Skip to 0 minutes and 10 seconds So leadership is quite an interesting concept in the fact that there are lots of potential definitions which we can offer as to what makes a good leader and what doesn’t make a good leader but a common distinction which is often made is between a leader and manager. So a manager for instance is often quite task focused and is just simply process driven and trying to get the employees from a starting point to an end point. Now a leader on the other hand makes much more of an effort to try and develop and grow the skillsets within their team and to encourage group participation, new ideas, creativity, innovation and all of these extra facets which can lead to greater organisational success.
Skip to 0 minutes and 52 seconds The leader is somebody who actually gives a direction, sort of, motivates, enthuses people to go with him or her in terms of where the organisation is going, whatever it is that the organisation is trying to achieve. They galvanise people to work together and the practicalities are, its about getting people to go with you in terms of taking an organisation forward in whether its developing a product, delivering great services, whatever line of business you’re in. So I guess you know, the strict definition of leadership is somebody who either leads an organisation or a group of individuals.
Skip to 1 minute and 40 seconds The way I look at leadership and I guess the way I have lead teams you know, throughout my career is I see it as my role to create a vision, inspire and motivate people to follow that vision by creating a mission, a set of objectives, and I guess wrapped around that a set of values that, if you like, are our guiding light as we sort of move together to achieve this vision and of course from a governance point of view putting a set of KPIs around just to make sure that we are kind of managing ourselves in the correct way and we will reach our target and goals.
Skip to 2 minutes and 20 seconds So I guess put simply my view of leadership is to create that vision, inspire and motivate people to achieve those goals.
Is leadership the same as management?
Watch the video above in which Anthony Thompson, lecturer in Occupational/Business Psychology at Coventry University, talks about leadership and management.
While leadership and management are often considered synonymous terms and often used interchangeably in many contexts, they differ in their primary functions.
Kotter (1988) argued that management focuses mainly on business functions such as planning, organising, staffing and controlling, whereas leadership focuses mainly on building effective relationships and motivating team members or ‘followers’ to change by listening, inspiring and persuading.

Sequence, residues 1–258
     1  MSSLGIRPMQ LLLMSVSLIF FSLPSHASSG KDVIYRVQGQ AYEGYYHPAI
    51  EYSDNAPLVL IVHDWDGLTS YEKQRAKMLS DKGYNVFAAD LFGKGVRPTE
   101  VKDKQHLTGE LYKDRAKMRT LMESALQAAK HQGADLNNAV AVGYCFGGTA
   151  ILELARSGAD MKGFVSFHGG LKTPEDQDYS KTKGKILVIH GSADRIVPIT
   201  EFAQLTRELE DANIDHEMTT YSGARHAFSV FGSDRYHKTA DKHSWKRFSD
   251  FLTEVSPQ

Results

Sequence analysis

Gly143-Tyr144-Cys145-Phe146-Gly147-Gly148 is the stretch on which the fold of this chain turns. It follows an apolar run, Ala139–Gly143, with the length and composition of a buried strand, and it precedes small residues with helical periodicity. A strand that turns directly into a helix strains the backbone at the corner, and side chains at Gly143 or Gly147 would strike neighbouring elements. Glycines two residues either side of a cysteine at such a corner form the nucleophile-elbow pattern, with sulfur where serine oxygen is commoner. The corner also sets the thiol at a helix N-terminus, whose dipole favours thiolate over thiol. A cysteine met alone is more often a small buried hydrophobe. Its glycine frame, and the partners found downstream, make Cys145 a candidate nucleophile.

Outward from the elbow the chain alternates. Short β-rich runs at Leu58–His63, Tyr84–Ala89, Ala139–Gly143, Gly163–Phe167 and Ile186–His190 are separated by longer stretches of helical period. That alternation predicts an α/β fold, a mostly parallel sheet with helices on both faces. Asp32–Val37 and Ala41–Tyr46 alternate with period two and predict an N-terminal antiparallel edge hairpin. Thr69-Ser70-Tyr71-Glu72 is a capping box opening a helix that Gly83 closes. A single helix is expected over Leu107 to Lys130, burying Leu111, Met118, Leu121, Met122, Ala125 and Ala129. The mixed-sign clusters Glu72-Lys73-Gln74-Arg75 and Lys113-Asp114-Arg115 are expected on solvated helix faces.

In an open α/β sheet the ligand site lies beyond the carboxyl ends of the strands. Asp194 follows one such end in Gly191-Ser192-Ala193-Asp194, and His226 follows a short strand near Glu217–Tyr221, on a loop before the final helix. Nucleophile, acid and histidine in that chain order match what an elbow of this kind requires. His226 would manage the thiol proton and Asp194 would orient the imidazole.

Management, therefore, refers to formal authority of position to obtain compliance from organisational members. Leadership refers to the ability to influence team members towards the achievement of goals. A leader’s ability to influence others may be based on a variety of factors other than their formal authority or position (Nielsen 2004).
Leadership is one of the many attributes that a successful manager must possess (Northouse 2013). Kotter (1990) professed that organisations need both leaders and managers, and one person will often fulfil both roles, as opposed to being carried out by different people. Their tasks are merged together, with managers and leaders both doing elements of each (Bolden 2004).
Rowe and Guerrero (2013) stated that the performance of an organisation is highly dependent on the leadership style adopted by those who manage the organisation. Hence, the performance of employees will also be influenced by the leadership style of a leader who manages and gives them direction. Thus, it is essential to correctly and carefully adopt a leadership style that would motivate and guide the employees or ‘followers’ towards achieving the organisational goal.
Bolden, R. (2004) ‘The Future of Leadership: Synopsis of Initial Windsor Meeting Reports from September 2003 – May 2004’. Report for the Windsor Leadership Trust, Centre for Leadership Studies Exeter, August 2004
Kotter, J.P. (1988) The Leadership Factor. Free Press, New York, NY
Kotter, J. P. (1990) ‘What Leaders Really Do’. Harvard Business Review May-June, 103-111
Nielsen, J. S. (2004) The Myth of Leadership: Creating Leaderless Organizations. Boston, MA: Nicholas Brealey Publishing
Northouse, P. (2013) Leadership: Approach and Practice. 6th edn. Thousand Oaks, California: Sage Publishing
Rowe, W. G., and Guerrero, L. (2013) Cases in Leadership. 3rd edn. Thousand Oaks, California: SAGE Publications